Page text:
Sean Cudahy explains photos, documents related to case of child who drowned in Dayton

Family’s questions about 6-year-old boy’s drowning death may never be answered

The family of the 6-year-old boy who drowned in a Dayton pool this summer demanded answers about how the July incident could happen under lifeguard supervision. With the investigation now closed and the report released, it’s unlikely those answers will be delivered.

Two certified lifeguards were in the pool area at the time that Niguel Hamilton drowned, including one who was teaching the boy and three other children as part of a swim class.

But because a security camera at the pool wasn’t working the day of the drowning and people present during the incident say they did not see what happened to the boy, no charges will be filed and many questions are unanswered.

READ MORE: ‘Drowning is silent’: Boy’s death during swim lesson leads experts to urge safety measures

The Dayton Daily News for months sought the investigative report about the incident, asking questions about staffing, safety precautions and whether there was negligence. A review of those records revealed conflicting statements about when the boy was last seen before he was found on the bottom of the pool and whether staff or bystanders should have seen him in the deep end.

Lifeguards say they believed Hamilton exited the pool to use the restroom after asking his grandfather about his whereabouts, witness statements say. One lifeguard was seated in an elevated lifeguard chair that does not have a clear view of the place Hamilton might have last been, police investigators found.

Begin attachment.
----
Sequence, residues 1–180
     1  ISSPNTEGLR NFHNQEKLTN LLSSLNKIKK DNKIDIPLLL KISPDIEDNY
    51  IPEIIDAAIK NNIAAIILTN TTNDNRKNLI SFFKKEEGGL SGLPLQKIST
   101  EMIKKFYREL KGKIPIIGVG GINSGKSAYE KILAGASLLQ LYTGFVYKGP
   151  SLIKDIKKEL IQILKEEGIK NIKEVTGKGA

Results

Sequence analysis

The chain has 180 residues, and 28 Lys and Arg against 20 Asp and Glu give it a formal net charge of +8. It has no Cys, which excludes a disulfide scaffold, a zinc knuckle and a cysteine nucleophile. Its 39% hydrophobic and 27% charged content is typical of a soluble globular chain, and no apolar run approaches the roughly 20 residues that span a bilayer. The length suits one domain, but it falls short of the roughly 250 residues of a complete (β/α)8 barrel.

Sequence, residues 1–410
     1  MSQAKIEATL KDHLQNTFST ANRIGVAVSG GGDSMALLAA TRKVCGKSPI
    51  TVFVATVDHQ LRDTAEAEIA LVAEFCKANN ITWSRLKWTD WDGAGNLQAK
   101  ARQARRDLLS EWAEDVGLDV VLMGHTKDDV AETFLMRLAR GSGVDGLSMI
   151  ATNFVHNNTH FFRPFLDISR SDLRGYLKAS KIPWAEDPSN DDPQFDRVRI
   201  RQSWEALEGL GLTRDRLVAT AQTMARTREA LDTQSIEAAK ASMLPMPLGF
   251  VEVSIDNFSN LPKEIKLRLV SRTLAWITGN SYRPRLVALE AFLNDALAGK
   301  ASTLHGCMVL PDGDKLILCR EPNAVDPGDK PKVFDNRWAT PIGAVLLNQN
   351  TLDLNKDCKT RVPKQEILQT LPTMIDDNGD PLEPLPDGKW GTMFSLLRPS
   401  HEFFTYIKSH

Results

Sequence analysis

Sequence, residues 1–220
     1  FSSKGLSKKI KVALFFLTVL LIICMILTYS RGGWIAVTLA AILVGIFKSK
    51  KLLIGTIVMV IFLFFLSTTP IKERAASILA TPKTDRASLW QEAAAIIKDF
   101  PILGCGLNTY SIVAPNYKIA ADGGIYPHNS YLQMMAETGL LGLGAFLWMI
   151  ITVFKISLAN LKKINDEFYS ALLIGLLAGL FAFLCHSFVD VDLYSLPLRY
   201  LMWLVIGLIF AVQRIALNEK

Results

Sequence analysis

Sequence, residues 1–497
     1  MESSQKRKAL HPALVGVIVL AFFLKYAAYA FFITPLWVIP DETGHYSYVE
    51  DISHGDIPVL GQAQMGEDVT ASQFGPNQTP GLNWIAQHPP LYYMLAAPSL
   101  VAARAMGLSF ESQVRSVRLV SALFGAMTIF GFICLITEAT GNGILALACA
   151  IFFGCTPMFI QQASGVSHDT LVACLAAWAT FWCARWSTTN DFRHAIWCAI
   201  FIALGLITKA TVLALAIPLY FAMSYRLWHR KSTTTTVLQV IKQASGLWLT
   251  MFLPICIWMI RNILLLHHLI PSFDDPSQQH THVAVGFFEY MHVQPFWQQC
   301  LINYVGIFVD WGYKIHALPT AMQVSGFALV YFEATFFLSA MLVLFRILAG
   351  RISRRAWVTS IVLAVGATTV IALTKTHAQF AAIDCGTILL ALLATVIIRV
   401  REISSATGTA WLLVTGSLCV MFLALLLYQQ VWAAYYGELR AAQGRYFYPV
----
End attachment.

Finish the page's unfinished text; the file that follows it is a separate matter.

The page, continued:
Two lifeguards and other witnesses said there was a reflective glare on the top of the water that impacted visibility, and the lifeguards said the deep end had some cloudiness that also reduced visibility.

Drowning is one of the leading causes of unintentional injury deaths for children 14 and younger, according to the National Drowning Prevention Alliance.

“Drowning can take place in as little as 20 to 60 seconds, oftentimes without the victim being able to call out for help,” said Adam Katchmarchi, executive director of the alliance.

Attorneys representing Hamilton’s family did not immediately return requests for comment Friday.

Shortly before 6:30 p.m. on July 12, Niguel Hamilton was one of four children taking part in a swim class at the Lohrey Recreation Center in southeast Dayton.

READ MORE: Dayton mayor issues statement on drowning of boy, 6, in city pool